At the beginning of the 20th century, a painful period of revolutions in Mexico, a load of dynamite was put by unbelievers at the foot of the Image, in a vase of flowers. The explosion destroyed the marble steps on the main altar, the candelabras, all the flower-holders. The marble altarpiece was broken into pieces, the brass Christ on the tabernacle was split in two. The windows in most of the houses near the basilica were broken, but the pane of glass that was protecting the Image was not even cracked. The Image remained intact.
The most moving experience of my life
In 1936, an examination conducted on two fibers from the tilma, one red and the other yellow, led to an astounding finding—the fibers contained no known coloring agent. Ophthalmology and optics confirm the inexplicable nature of the Image—it seems to be a slide projected onto the fabric. Closer analysis shows that there is no trace of drawing or sketching under the color, even though perfectly recognizable retouches were done on the original, retouches which moreover have deteriorated with time. In addition, the background never received any primer, which seems inexplicable if it is truly a painting, for even on the finest fabric, a coat is always applied, if only to prevent the fabric from absorbing the painting and the threads from breaking the surface. No brush strokes can be detected. After an infrared analysis conducted on May 7, 1979, a professor from NASA wrote, "There is no way to explain the quality of the pigments used for the pink dress, the blue veil, the face and the hands, or the permanence of the colors, or the vividness of the colors after several centuries, during which they ordinarily should have deteriorated... Studying this Image has been the most moving experience of my life."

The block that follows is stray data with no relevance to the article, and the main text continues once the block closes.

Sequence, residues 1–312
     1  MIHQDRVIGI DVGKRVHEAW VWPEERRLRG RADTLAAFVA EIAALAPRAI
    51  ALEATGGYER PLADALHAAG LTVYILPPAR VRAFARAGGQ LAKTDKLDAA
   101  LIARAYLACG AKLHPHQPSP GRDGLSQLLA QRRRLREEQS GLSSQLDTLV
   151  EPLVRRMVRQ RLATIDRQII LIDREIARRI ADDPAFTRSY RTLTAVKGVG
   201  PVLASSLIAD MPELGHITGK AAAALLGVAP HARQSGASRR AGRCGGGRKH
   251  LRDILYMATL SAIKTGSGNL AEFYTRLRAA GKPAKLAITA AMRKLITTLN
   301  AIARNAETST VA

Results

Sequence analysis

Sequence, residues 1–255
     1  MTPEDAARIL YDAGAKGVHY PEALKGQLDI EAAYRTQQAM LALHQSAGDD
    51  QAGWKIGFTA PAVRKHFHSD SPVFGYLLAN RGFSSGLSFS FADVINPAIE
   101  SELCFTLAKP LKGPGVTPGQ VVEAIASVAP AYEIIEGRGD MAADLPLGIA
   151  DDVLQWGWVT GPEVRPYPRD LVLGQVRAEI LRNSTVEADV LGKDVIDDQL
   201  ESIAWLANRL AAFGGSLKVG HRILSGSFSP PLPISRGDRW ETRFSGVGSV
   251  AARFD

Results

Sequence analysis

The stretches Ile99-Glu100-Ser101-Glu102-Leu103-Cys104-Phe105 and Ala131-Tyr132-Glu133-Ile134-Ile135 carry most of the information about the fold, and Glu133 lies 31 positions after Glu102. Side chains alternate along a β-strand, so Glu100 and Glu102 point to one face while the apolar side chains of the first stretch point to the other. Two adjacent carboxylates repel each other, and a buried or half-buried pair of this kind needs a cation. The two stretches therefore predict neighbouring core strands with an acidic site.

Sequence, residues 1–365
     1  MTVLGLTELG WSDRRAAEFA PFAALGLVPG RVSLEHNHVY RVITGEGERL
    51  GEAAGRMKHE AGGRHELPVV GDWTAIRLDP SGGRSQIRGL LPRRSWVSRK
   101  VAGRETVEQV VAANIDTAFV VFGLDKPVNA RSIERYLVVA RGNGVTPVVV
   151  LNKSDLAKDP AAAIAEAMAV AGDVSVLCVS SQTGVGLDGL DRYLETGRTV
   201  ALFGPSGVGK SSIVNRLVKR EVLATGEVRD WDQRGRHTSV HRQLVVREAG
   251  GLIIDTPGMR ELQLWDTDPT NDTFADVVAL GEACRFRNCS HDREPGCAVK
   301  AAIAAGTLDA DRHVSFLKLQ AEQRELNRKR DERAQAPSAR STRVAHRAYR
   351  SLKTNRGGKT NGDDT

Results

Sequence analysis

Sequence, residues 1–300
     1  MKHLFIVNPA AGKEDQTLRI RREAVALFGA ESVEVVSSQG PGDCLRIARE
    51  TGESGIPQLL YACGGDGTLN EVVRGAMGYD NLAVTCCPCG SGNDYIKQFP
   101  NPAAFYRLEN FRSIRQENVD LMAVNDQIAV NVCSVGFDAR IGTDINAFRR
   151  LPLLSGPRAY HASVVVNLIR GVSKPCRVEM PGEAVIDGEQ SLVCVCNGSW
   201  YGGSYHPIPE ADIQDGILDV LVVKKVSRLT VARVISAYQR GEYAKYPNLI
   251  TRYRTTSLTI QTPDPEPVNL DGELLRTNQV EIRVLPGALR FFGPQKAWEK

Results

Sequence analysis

Astronomers have observed that all the constellations present in the heavens at the moment Juan Diego opened his tilma before Bishop Zumárraga on December 12, 1531, are in their proper place on MARY's mantle. It has also been found that by imposing a topographical map of central Mexico on the Virgin's dress, the mountains, rivers and principal lakes coincide with the decoration on this dress.